Quest Diagnostics, the medical testing company, said a data breach has affected about 11.9 million patients, after an “unauthorized user” gained access to financial data, Social Security numbers, and medical data, but not laboratory test results.
A collections agency called American Medical Collection Agency notified Quest about a potential intrusion on May 14 and then reported on the scope of the breach on Friday.
AMCA provides services to Optum360, a Quest billing contractor. Quest, which has labs in Napa, said it does not have details about which patients were affected and what data was stolen.
Quest “has not been able to verify the accuracy of the information received from AMCA,” Quest said in a statement posted on its website Monday. Quest has suspended collections requests through the agency, it said.
“Quest is taking this matter very seriously and is committed to the privacy and security of our patients’ personal information,’’ the company said. It indicated that plans are in the works to begin notifying individual patients but did not give a timeline.
There was no indication in the company’s statements that the intruders had hacked into other systems besides AMCA’s.
AMCA offered few details of the breach. It said in prepared statement that it learned its security had been penetrated from a consultant working for credit-card companies.
It moved its payment portal to a third-party vendor and took other steps to beef up security, the agency said.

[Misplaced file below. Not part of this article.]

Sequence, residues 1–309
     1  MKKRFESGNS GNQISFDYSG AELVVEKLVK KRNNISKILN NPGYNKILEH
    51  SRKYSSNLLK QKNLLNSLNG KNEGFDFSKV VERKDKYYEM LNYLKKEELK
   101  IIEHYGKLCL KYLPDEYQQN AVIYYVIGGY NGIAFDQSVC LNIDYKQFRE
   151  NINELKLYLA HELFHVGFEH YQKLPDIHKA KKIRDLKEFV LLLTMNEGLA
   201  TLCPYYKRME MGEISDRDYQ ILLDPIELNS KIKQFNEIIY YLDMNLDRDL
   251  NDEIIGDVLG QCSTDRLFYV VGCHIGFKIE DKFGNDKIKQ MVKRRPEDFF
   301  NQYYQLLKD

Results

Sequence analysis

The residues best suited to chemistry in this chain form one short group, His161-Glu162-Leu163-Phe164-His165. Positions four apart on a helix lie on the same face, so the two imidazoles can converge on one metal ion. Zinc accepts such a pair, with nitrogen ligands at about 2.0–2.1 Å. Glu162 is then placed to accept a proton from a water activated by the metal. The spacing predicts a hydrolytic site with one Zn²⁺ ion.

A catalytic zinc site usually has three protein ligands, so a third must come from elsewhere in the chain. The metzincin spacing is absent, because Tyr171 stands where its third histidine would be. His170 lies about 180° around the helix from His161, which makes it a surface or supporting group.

Optum360, which is part of UnitedHealth Group, said its records were not affected.
“We are actively working with Quest and AMCA to understand this issue and ensure appropriate actions are being taken,” the company said.
While this is a large breach, it does not rank among the biggest. The Equifax hack of 2017 affected the data of 145.5 million individuals. The Yahoo attack disclosed in 2016 affected 1 billion Yahoo customers.
The largest hack of medical data came in 2014, when the servers of health insurance company Anthem were compromised and records of 79 million people were stolen. This month, the Department of Justice charged two Chinese nationals in that attack. Anthem had paid a $115 million settlement to victims of the breach.
A data security consultant said hackers are not interested in health care information, which is not easily monetized, but are hunting down firms that handle financial information for bank account and Social Security numbers.
“Hackers target financial companies, like this billing collection company, as they often store sensitive financial information that can be turned into immediate gains,’’ said Dr. Giovanni Vigna, co-founder of network security provider Lastline. “This kind of information is much more lucrative than personal health information, that, at the moment, is not readily marketable by criminals.’’